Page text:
Schaff’s first thesis will serve as the starting point for our exposition of a theology of church history:

Every period of the church and of theology has its particular problem to solve; and every doctrine, in a measure every book also of the Bible, has its classic age in which it first comes to be fully understood and appropriated by the consciousness of the Christian world.

The church is a living, supernaturally constituted organism, not a mere mechanism or phenomenon of psychology and culture. As such it has its own life history, its own processes of growth and its developmental crises. As in any living organism, the church, in its initial constitution, contained, through the work of the Holy Spirit, all the elements necessary for its functioning in God’s purpose and plan. Through the new life of the age to come (deriving from the resurrection of Jesus) and the new power of the age to come (deriving from the ascension and Pentecost) the church was plenarily endowed to fulfill its worldwide mission of kerygmatic proclamation and the charismatic ministry of wholeness. The fullness and completeness of divine teaching was also given through apostolic figures to establish the base for normative life and understanding of divine things.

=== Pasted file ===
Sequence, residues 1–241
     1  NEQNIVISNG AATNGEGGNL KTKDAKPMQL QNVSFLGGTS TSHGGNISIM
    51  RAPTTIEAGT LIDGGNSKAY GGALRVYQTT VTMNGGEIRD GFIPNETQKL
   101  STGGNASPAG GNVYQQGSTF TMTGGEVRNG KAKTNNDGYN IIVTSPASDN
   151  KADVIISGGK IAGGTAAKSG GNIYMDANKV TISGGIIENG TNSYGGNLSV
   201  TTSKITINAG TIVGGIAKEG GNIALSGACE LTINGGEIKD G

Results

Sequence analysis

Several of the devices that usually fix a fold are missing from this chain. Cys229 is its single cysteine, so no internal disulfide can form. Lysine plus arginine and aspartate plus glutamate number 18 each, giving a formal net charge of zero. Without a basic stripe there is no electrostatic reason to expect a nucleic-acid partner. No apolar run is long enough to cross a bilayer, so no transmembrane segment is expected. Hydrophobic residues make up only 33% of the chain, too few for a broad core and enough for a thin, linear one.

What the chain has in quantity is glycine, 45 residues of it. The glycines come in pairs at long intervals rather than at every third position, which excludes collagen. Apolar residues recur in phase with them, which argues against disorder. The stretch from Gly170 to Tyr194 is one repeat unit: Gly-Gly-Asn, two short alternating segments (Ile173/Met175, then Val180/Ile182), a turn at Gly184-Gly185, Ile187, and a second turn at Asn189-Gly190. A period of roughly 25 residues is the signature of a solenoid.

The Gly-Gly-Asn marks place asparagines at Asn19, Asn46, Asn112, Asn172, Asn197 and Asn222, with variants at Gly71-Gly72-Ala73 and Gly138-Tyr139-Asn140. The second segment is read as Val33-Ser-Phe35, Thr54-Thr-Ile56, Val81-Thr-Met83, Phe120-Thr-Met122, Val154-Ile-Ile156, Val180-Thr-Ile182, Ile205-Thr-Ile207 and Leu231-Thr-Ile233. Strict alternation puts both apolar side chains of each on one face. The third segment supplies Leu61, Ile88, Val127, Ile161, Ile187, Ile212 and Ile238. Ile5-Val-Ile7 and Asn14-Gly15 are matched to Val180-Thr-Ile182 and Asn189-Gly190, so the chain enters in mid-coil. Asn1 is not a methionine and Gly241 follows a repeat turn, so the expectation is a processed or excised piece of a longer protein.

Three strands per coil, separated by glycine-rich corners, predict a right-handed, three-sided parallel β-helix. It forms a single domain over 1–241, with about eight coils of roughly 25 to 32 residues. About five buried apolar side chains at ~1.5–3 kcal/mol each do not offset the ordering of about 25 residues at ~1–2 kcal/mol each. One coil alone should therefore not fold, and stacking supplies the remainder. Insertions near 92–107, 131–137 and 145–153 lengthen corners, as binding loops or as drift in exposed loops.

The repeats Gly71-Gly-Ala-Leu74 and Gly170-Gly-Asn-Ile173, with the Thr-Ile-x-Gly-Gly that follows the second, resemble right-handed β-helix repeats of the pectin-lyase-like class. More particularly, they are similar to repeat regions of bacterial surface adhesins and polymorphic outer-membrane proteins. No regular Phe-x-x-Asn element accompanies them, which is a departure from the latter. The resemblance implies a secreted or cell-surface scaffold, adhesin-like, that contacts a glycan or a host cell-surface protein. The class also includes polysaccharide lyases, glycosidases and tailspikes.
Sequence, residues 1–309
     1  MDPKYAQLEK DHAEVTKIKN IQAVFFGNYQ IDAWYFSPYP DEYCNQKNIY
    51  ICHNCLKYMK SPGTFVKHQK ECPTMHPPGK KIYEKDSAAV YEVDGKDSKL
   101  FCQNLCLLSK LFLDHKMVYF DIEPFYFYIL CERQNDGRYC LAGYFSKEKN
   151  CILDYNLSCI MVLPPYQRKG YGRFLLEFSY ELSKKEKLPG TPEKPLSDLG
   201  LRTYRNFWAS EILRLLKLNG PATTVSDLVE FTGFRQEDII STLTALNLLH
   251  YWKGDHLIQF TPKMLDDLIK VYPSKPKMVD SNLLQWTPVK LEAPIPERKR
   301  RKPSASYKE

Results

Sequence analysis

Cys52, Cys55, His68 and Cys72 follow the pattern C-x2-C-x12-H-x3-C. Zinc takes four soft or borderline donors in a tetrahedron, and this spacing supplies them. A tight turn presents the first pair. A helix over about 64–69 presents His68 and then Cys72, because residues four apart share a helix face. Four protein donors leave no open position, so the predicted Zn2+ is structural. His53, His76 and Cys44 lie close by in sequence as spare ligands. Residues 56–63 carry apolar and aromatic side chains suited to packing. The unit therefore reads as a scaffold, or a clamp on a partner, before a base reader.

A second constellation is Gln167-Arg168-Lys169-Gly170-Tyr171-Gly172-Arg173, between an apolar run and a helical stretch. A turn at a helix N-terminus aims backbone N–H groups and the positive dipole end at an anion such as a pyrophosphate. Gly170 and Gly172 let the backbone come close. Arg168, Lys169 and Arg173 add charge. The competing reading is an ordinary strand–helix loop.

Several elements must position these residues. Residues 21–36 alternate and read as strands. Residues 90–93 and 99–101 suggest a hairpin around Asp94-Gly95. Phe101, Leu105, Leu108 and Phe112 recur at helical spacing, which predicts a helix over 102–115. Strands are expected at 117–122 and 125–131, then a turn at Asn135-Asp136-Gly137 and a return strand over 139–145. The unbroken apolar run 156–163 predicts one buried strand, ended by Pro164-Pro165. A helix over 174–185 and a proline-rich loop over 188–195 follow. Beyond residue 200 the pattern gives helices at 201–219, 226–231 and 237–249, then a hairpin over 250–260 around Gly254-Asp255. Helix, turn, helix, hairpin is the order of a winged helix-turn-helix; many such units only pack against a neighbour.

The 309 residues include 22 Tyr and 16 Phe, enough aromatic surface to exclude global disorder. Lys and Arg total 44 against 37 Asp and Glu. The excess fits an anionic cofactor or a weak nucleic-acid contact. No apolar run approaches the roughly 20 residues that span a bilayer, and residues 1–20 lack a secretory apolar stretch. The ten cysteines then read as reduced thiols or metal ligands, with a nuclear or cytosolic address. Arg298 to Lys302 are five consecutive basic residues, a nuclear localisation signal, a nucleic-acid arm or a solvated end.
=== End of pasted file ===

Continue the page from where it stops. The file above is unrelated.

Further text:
There is, however, a correlation in the history of the church between three basic elements and every advance in the theological development of the church. First, the church has its own developmental needs and readiness for learning. Second, it has a relationship to its own age, with its Zeitgeist, peculiar concerns and pressures. Third, there is that aspect of Scripture which is most alive and meaningful to the church at a particular point in its development toward the fullness of the stature of Christ, to the aner teleios, of Eph 4:13. Therefore, in fact, the historical and theological development of the church can be analyzed as a series of encounters among all three elements – readiness, context and scripture – in which a particular problem is tackled, solved and developed in the explicit understanding of the church and in so doing, certain books of the Bible and key passages receive their classical expositions.